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Have you heard of IBIS and AMI? If you are French, you know that one is a chain of cheap hotels, and the other is the word for a friend.
But if you have anything to do with SerDes design, then you know that they are the way you model the SerDes channel, making sure that the signal successfully makes it from one chip to the other with an acceptable performance.
However, there is a big change coming that is going to mean a lot more people need to know what these two standards are. The DDR5 standard will be specced to include DFE equalization (DFE stands for Decision Feedback Equalization). This will require modeling using IBIS+AMI to design a system using DDR5 DRAMs such as the next generation of DIMMs.
IBIS stands for I/O Buffer Information Specification, although it is more of a word in its own right these days. It dates from the early 1990s. Back then, signal integrity was just starting to be an issue and companies like Quad Design (remember them?) produced the first successful commercial signal integrity tools, along with proprietary models and device libraries. In 1993, Intel decided that they didn't want a plethora of proprietary device libraries and so they invited other companies, including Cadence, to work together to specify a common standard. At the time, Intel was trying to specify the requirements for drivers for the then-new PCI standard. The result of this was IBIS 1.1, the initial standard. It included pull-up and pull-down transistors and their transition times, clamping diodes (that squelch reflections), and a model of the package pin (inductor, resistor, and capacitors). The input model was the same without the driver transistors. Version 2.1, in 1994, became an ANSI/EIA standard. It has developed further since.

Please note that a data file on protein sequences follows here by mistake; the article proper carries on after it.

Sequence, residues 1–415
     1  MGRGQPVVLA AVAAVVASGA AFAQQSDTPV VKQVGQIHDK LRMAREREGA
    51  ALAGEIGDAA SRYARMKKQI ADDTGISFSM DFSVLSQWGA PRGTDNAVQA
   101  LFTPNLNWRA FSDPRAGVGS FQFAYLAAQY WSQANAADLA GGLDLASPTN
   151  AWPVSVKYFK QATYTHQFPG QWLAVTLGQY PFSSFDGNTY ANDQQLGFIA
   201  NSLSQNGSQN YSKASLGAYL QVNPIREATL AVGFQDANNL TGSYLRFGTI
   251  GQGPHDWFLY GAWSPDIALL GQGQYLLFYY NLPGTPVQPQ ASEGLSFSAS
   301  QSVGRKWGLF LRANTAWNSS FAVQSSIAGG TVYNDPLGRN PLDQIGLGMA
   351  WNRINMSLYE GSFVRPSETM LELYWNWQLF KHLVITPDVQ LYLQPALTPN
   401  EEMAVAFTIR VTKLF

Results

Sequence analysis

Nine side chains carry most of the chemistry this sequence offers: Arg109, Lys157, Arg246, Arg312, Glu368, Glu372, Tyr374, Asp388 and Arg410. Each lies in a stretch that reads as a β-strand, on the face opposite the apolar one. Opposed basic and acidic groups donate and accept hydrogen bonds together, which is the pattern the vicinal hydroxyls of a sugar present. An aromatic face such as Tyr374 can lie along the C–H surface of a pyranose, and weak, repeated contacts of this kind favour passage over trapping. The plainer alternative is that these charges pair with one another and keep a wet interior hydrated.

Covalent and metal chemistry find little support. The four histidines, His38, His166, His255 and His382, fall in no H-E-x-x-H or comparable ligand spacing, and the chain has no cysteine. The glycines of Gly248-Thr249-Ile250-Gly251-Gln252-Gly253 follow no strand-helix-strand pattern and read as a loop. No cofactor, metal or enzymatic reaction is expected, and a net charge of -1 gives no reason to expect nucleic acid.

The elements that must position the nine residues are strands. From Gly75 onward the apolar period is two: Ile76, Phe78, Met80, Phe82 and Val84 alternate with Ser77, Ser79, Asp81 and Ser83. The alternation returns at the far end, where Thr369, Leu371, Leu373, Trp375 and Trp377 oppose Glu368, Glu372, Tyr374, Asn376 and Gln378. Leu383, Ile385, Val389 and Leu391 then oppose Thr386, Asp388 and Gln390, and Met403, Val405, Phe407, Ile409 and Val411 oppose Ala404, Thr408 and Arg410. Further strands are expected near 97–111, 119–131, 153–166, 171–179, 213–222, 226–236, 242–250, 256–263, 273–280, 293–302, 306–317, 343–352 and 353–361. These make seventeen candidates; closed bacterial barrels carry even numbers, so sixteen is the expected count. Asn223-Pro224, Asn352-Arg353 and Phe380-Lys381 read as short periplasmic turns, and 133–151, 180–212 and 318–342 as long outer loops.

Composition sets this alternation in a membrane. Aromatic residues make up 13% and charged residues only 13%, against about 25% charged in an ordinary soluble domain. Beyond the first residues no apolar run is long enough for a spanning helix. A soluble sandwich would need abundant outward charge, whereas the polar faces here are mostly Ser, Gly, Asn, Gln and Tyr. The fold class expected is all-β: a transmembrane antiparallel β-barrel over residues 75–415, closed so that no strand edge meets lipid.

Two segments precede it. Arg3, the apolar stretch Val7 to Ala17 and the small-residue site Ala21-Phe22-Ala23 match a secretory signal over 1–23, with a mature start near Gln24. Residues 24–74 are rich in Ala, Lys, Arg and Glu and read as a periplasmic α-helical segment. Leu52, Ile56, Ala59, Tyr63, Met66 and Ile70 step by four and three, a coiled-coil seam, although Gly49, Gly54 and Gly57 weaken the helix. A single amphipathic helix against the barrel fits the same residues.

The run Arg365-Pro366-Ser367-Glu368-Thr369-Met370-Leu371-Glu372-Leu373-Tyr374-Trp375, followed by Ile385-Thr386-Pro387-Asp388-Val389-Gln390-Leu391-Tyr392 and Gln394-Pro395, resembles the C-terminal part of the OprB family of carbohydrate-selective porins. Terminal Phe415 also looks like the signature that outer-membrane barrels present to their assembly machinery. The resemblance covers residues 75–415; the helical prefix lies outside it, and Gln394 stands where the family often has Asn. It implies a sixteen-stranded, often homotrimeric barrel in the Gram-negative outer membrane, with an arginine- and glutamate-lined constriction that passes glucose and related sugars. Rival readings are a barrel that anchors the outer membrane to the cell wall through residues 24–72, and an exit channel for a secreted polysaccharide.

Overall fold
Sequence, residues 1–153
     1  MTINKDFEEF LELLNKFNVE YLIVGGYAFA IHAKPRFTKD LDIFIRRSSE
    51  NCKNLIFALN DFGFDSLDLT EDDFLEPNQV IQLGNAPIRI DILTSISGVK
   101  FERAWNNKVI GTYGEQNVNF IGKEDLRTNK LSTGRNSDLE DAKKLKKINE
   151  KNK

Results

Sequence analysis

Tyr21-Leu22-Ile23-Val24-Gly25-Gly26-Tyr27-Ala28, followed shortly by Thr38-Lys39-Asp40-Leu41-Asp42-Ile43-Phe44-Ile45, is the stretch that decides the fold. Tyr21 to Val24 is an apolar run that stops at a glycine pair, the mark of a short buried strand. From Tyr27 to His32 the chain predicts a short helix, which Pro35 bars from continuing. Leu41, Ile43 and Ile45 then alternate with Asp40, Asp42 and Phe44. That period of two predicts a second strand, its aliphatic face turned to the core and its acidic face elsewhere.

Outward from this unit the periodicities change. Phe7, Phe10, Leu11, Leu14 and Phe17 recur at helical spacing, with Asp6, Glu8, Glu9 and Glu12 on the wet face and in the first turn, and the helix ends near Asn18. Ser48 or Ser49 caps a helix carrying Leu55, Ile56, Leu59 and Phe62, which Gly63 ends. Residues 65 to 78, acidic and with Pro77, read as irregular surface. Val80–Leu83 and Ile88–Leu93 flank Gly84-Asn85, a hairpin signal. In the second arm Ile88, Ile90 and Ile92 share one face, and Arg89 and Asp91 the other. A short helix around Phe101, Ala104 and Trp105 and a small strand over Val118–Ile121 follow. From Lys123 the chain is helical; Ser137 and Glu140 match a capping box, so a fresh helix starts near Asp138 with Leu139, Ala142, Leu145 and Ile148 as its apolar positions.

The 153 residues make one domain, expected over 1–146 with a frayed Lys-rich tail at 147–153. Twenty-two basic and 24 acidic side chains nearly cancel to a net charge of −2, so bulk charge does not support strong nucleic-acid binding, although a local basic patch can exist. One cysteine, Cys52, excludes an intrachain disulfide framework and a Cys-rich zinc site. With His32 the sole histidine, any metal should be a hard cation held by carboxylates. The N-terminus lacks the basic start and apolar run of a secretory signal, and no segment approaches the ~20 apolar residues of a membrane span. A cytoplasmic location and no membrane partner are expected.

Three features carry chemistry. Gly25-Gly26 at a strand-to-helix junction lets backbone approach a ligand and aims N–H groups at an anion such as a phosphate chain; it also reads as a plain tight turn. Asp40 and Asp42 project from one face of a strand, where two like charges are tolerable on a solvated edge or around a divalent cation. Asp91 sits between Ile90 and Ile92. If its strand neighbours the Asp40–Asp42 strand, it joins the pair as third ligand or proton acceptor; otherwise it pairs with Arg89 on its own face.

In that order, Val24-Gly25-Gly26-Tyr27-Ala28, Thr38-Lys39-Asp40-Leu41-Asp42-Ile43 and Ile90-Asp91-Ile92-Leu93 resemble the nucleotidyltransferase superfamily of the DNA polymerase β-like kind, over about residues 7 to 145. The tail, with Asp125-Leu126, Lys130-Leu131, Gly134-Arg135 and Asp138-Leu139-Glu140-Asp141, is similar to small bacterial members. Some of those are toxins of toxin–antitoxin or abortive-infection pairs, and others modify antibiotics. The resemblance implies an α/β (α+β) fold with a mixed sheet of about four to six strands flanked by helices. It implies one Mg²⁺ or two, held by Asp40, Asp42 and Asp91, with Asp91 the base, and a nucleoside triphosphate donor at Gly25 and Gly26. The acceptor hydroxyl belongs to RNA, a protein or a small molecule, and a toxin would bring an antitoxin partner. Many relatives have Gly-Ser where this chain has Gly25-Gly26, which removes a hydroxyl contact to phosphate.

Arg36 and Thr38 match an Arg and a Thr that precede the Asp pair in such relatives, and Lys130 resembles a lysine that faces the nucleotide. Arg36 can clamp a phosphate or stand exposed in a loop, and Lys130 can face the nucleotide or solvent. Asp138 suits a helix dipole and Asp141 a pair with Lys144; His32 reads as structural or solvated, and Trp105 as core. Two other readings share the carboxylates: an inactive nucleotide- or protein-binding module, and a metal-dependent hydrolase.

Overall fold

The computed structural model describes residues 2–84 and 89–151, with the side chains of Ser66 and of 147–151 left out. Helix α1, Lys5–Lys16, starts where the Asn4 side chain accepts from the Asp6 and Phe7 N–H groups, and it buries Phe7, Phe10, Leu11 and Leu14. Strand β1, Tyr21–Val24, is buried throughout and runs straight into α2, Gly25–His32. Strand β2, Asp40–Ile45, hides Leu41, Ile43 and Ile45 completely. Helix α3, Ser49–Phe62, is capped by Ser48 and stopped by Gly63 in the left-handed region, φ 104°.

The diagram above shows the problem. The idealized input bitstream is a perfect square wave. The channel attenuates different frequencies by different amounts, and as a result, the signal that arrives at the receiver is very distorted. From that input signal, the clock and data has to be recovered.